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Engage Students Through Real-World Digital Data (Google Data Studio)

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Location: Room 393-4
Experience live: All-Access Package
Watch recording: All-Access Package Year-Round PD Package

Participate and share : Interactive session

Cheryl Lemke  
Learn to use data in a fun and sophisticated way using digital tools such as Google Data Studio. Work with your students to generate dashboards representing data on local and global issues. Help students learn from the data, form hypotheses and defend their positions on issues using credible evidence.

Audience: Coaches, Technology coordinators/facilitators, Teachers
Skill level: Beginner
Attendee devices: Devices required
Attendee device specification: Smartphone: Android, iOS, Windows
Laptop: Chromebook, Mac, PC
Tablet: Android, iOS, Windows
Participant accounts, software and other materials: A Browser
Topic: Student agency, choice and voice
Grade level: 6-12
Subject area: STEM/STEAM, Social studies
ISTE Standards: For Coaches:
Learning Designer
  • Collaborate with educators to develop authentic, active learning experiences that foster student agency, deepen content mastery and allow students to demonstrate their competency.
Data-Driven Decision-Maker
  • Partner with educators to empower students to use learning data to set their own goals and measure their progress.
For Educators:
Designer
  • Use technology to create, adapt and personalize learning experiences that foster independent learning and accommodate learner differences and needs.

Proposal summary

Purpose & objective

The purpose of this session is to model how teachers can use digital visualization tools such as Google data studio to bring real-world, global and local issues into the classroom. 3 lesson (math, science, and social studies) will be demonstrated linking state standards to such explorations. Participants will be able to call up the sample Google Data Studio visualizations to explore individually.

Outline

10 minutes: Brief introduction (purpose, digital tool, and data sets) and quick overview of 3 examples.

5 minutes: Participants choose one of the 3 examples (i.e., Google data studio models built by the presenter for math, science, and social studies) to explore individually. They will share reactions in a word cloud.

15 minutes: Presenter will model the development of a data dashboard in Google Data Studio using a data set from a government site.

5 minutes: Participants share in a community Padlet their ideas for how they might use such models in their own classrooms.

5 minutes: Presenter discusses instructional approaches, sample assignments, and prompts for engaging students in the investigation of these data sets through such visual models.

5 minutes: Q&A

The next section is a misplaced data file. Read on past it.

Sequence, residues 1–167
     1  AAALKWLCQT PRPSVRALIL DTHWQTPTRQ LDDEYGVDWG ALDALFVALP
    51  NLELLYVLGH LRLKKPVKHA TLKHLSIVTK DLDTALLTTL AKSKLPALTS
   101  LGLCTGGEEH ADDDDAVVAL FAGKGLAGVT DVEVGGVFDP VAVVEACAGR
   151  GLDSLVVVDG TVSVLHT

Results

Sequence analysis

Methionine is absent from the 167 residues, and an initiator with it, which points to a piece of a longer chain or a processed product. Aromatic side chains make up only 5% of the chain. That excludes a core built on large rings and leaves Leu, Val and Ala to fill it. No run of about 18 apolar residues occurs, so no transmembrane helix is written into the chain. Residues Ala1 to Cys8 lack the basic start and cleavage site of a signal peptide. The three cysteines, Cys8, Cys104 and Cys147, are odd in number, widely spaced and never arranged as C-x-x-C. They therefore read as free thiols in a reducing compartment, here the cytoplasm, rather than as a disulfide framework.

Supporting research

References and Links: Visual Literacy

Bransford, J., Brown, A., & Cocking, R. (Eds.). (2000). How People Learn: Brain, Mind, Experience, and School. Washington, DC: National Academy Press.
Bryan, L. & Guzey, S. Selcen. (2020). K-12 STEM Education: An Overview of Perspectives and Considerations. Hellenic Journal of STEM Education, 1(1), 5-15.

Burmark. L. (2002). Visual Literacy: Learn to See, See to Learn. Alexandria, VA: ASCD.

Communications in Visual Mathematics: A Totally Electronic Journal. Available at: http://www.geom.umn.edu/~dpvc/CVM/1998/01/welcome.html.

Hattie, J. (2020). Visual Thinking.

Hyerle, D. (2000). A Field Guide to Using Visual Tools. Alexandria, VA: ASCD. Available at: http://www.ascd.org/readingroom/books/hyerle00book.html.

International Visual Literacy Association. (n.d.). Available at: http://www.ivla.org/index.htm.
Kafle, K., Price, B., Cohen, S., & Kanan, C. (n/a). DVQA: Understanding Data Visualizations via Question Answering. CVPR Open Access by Computer Vision Foundation.
Lance, K.C. & Maniotes, L.K. (2020). Linking librarians, inquiry learning, and information literacy. Phi Delta Kappan.

Lemke, C. & Fadel, C. (2008). Multimodal learning through media: What the research says. San Jose, CA: CISCO Systems.

Zheng, R.Z., Yang, W. Garcia, D., & Cadden, E.P. (2008). Effects of multimedia and schema induced analogical reasoning on science learning. Journal of Computer-Assisted Learning. Vol. 24, pp. 474-482.

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Presenters

Photo
Cheryl Lemke, Metiri Group

Cheryl Lemke leads the Metiri Group, a consulting firm that specializes in research, program evaluation, professional development, and systems thinking in digital learning and 21st Century skills. Lemke is considered a thought leader in the U.S. and internationally. Her firm partners with ISTE to offer virtual PD to introduce teachers to 3 ISTE student standards and currently works with and evaluates large digital learning projects in New Jersey, Utah, and CA. She brings over 25 years of experience in the public sector—as a teacher, state technology director, policy expert, director at a foundation, and associate superintendent for Illinois SBE.

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